Question: What is the actual cause of excessive zeroes in single cell RNA-seq data? Is it PCR?
2
11 months ago by
cerny.m20
cerny.m20 wrote:

First, sorry if I am missing something basic - I am a programmer recently turned bioinformatician so I still don't know a lot of stuff. This is a cross post with a question on Bioinformatics SE, hope this is not bad form (its my first post on both platforms).

While it is obvious that scRNA-seq data contain lots of zeroes, I couldn't find any detailed explanation of why they occur more frequently than what would be expected from a negative binomial distribution - except for short notices along the lines of "substantial technical and biological noise". For the following text, let's assume we are looking at a single gene that is activated at approximately the same level across all cells.

If zeroes were caused solely by low capture efficiency and sequencing depth, all observed zeroes should be explained by low mean expression across cells. This however does not seem to be the case as the distribution of gene counts across cells often has more zeroes than would be expected from a negative binomial model. For Example the ZIFA paper explicitly uses a zero-inflated negative binomial distribution to model scRNA-seq data. Modelling scRNA-seq as zero-inflated negative binomial seems widespread throughout the literature.

However assuming negative binomial distribution for the original counts (as measured in bulk RNA-seq) and assuming that every RNA fragment of the same gene from every cell has approximately the same (low) chance of being captured and sequenced, the distribution across single cells should still be negative binomial (see this Math SE question for related math).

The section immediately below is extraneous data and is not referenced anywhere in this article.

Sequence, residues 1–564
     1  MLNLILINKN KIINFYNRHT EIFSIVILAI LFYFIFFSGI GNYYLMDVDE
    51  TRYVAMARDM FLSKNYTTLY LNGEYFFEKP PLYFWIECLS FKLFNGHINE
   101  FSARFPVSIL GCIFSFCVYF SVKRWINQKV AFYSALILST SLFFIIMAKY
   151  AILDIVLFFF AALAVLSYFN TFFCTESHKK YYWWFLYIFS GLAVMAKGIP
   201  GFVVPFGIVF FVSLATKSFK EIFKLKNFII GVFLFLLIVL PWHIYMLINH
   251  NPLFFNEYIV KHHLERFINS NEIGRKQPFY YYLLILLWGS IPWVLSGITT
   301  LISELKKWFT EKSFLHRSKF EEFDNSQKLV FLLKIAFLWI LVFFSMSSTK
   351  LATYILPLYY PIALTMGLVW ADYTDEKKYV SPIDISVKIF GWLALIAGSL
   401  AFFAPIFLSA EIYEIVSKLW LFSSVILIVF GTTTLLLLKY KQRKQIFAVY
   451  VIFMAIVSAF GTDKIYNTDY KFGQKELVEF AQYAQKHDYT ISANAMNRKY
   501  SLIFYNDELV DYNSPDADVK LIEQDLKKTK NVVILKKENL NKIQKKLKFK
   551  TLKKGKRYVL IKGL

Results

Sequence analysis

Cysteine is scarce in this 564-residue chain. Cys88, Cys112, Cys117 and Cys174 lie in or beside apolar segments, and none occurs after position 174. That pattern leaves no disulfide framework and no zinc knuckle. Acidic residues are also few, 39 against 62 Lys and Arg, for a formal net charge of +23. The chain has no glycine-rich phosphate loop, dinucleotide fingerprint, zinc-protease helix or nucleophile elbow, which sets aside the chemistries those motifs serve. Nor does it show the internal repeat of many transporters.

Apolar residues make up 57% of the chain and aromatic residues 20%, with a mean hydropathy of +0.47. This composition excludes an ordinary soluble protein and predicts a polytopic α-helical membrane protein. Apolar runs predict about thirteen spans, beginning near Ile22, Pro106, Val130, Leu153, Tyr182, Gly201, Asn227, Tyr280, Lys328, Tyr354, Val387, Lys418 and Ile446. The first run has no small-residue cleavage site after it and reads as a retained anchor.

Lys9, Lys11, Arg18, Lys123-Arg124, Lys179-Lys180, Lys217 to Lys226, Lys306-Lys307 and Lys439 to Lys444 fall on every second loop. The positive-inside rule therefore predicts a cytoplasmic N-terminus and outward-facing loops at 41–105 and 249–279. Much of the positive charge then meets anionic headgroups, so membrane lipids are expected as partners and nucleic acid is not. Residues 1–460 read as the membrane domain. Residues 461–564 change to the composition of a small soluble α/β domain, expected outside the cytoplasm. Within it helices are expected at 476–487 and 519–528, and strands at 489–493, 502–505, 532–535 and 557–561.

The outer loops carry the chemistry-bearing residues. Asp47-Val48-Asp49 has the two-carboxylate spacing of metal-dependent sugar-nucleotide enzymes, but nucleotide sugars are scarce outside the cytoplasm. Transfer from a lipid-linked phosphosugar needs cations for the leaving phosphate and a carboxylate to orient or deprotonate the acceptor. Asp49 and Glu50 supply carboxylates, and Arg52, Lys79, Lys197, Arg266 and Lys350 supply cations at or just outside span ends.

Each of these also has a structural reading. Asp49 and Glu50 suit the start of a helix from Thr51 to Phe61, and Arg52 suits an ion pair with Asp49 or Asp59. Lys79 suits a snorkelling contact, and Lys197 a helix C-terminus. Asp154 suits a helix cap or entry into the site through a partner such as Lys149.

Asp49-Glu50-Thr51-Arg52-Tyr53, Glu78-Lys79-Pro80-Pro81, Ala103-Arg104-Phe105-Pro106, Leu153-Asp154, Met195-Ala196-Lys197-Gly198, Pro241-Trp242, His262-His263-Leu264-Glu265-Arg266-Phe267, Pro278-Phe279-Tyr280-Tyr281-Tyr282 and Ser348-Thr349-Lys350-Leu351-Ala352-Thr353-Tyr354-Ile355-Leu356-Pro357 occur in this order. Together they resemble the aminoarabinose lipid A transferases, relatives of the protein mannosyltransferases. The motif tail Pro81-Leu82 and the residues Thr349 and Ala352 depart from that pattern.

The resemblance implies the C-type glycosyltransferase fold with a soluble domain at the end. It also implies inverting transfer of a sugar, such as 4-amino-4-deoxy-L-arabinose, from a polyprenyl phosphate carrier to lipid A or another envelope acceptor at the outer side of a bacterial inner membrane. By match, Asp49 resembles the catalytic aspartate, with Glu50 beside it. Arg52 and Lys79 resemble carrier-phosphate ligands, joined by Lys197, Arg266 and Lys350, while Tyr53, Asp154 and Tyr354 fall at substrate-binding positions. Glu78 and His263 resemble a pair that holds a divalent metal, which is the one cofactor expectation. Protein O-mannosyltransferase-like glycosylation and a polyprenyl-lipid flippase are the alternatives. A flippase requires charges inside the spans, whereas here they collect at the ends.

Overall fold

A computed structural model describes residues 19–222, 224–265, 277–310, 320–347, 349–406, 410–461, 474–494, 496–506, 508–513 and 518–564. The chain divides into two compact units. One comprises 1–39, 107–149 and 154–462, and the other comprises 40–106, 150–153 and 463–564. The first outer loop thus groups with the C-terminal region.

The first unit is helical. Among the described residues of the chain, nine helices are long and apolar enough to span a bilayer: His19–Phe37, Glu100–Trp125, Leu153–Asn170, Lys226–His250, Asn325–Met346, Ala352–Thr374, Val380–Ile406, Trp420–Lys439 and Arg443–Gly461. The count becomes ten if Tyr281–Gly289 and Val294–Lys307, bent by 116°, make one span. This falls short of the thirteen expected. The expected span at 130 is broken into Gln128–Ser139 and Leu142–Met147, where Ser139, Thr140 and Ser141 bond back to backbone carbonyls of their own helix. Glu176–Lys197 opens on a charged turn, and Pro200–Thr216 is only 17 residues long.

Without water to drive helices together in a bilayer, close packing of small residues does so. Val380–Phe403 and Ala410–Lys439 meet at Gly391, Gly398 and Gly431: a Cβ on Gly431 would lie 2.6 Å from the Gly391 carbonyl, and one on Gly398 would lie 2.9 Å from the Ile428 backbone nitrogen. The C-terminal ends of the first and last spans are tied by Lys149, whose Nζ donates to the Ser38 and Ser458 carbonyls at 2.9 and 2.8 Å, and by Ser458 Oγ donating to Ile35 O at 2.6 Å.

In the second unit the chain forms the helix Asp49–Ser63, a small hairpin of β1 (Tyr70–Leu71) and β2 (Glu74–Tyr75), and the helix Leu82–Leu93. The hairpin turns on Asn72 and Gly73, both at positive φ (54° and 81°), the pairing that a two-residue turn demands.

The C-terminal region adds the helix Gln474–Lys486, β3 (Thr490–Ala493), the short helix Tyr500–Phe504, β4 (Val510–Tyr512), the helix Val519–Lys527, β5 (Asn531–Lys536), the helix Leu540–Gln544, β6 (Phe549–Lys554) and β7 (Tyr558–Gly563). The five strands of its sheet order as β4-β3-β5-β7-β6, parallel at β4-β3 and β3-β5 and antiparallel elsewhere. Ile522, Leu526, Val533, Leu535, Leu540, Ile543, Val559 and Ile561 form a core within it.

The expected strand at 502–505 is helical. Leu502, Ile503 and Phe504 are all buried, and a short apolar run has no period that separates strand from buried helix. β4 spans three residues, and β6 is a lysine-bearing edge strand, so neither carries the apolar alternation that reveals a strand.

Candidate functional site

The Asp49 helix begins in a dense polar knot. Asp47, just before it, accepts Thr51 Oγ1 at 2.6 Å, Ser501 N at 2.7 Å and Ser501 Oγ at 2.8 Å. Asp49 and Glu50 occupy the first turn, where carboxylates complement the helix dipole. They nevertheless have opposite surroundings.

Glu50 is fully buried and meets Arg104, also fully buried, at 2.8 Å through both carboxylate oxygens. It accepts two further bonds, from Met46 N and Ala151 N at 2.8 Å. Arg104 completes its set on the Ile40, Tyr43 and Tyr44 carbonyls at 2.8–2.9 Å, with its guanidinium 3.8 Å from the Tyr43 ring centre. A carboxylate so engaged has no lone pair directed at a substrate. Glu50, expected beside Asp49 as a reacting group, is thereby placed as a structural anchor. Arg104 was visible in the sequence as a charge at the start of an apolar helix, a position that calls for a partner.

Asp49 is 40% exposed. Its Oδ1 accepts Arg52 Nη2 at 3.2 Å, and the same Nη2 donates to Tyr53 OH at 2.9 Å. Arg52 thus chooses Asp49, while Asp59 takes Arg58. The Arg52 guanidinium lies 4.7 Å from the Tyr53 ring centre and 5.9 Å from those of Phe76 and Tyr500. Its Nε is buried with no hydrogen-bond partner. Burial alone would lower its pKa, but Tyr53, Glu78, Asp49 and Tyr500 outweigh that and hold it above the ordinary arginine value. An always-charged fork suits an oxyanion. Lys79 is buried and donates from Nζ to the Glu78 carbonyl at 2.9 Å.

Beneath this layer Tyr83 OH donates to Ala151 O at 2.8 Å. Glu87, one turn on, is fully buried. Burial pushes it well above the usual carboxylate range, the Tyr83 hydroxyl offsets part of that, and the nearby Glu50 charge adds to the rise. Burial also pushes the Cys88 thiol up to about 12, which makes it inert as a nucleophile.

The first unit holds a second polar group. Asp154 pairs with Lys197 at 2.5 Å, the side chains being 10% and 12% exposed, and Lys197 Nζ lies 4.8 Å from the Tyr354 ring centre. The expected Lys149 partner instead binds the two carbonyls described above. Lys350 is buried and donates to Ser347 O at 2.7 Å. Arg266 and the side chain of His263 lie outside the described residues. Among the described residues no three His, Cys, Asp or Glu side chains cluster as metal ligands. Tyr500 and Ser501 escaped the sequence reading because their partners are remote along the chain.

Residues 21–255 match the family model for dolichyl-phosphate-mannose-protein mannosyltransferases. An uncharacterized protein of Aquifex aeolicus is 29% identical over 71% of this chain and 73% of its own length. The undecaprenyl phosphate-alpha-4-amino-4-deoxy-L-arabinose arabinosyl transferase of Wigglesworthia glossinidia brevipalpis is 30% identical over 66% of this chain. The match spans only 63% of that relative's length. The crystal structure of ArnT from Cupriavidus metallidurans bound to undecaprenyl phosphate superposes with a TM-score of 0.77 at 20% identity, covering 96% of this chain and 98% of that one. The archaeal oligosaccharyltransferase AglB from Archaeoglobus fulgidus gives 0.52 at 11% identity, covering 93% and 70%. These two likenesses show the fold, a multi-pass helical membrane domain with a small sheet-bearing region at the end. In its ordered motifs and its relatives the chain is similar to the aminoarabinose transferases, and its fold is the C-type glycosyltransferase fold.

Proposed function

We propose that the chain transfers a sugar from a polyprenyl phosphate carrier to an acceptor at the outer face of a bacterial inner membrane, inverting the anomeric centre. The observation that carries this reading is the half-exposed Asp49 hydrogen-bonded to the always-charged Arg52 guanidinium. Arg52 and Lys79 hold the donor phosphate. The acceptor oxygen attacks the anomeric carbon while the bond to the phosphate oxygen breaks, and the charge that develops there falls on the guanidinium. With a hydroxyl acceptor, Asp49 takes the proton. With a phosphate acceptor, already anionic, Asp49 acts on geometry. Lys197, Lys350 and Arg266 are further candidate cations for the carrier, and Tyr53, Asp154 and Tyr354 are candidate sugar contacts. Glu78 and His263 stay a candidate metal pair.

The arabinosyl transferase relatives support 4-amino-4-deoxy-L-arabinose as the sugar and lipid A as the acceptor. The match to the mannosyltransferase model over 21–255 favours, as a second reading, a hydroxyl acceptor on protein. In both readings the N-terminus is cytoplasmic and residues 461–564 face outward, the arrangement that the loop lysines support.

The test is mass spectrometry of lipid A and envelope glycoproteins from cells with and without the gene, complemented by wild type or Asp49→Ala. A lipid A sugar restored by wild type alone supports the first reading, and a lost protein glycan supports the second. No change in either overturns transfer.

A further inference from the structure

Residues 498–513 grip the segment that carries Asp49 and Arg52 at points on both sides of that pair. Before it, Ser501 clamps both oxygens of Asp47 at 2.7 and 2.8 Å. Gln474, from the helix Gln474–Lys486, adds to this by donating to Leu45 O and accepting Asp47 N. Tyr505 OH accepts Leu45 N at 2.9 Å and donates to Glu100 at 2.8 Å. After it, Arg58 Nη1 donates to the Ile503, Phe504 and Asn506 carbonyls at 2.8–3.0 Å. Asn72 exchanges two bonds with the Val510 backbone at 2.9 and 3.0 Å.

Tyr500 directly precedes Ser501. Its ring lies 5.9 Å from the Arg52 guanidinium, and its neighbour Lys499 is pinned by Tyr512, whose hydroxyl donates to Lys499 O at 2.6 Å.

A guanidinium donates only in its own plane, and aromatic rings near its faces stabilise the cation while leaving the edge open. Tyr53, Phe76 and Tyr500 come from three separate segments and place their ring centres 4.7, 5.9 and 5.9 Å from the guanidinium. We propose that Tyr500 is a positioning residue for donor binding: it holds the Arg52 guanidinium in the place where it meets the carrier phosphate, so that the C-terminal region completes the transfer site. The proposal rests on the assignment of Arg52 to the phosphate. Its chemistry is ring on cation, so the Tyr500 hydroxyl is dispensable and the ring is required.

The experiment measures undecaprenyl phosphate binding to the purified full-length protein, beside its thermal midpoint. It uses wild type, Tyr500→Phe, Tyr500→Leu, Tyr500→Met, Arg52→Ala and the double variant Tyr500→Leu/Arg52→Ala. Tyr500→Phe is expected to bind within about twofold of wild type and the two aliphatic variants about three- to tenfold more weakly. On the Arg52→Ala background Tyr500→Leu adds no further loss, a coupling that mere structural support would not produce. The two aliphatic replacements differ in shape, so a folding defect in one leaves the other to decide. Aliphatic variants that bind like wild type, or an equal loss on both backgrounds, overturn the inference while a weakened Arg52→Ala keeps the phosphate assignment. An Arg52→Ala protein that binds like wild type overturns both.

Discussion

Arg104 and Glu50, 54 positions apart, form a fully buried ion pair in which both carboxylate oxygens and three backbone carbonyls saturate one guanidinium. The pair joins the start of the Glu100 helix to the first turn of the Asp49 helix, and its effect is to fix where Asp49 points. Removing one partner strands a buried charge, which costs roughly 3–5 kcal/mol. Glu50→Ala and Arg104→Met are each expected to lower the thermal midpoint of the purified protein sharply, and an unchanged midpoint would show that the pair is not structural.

So the only remaining possible cause is that inflated zero counts are caused by PCR. Only non-zero counts (after capture) are amplified and then sequenced, shifting the mean of the observed gene counts away from zero while the pre-PCR zero counts stay zero. Indeed some quick simulations show that such a procedure could occasionally generate zero-inflated negative binomial distributions. This would suggest that excessive zeroes should not be present when UMIs are used - I checked one scRNA-seq dataset with UMIs and it seems to be fit well by plain negative binomial.

Is my reasoning correct? Thanks for any pointers.

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modified 11 months ago • written 11 months ago by cerny.m20
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11 months ago by
george.ry1.1k
United Kingdom
george.ry1.1k wrote:

There's a variety of things at play here, but a few main things. Others can probably add some extra considerations.

• Phased gene expression. RNA is not produced constantly and in an even manner. If I remember correctly, the idea of scRNAseq comes from studies of transcriptional regulation, rather than for DE expression analysis.
• Cell death and degradation or spilling of the cytoplasmic RNAs.
• Incomplete or inefficient RT ...
• ... linking to very binary PCR amplification. Genes come through RT+PCR and can be found expressed reasonably highly, or they're just absent.

In my experience with Fluidigm scRNAseq (primary T cells, so not necessarily as nice as cell lines etc), you recover around the top 20-25% of your most highly expressed transcripts as assessed by bulk RNAseq. The drop-out can be very substantial.

ADD COMMENTlink modified 11 months ago • written 11 months ago by george.ry1.1k

Thanks for the info. I however believe that it does not answer my question. AFAIK phased gene expression should be more-or-less accounted for by the negative binomial distribution. Or am I wrong on this point? And note that I am not interested in why the large number of zeroes occur, but why there are more zeroes than what could be explained by negative binomial distribution (which can allow for a lot of zeroes if the mean is low or dispersion is high).

ADD REPLYlink modified 11 months ago • written 11 months ago by cerny.m20
1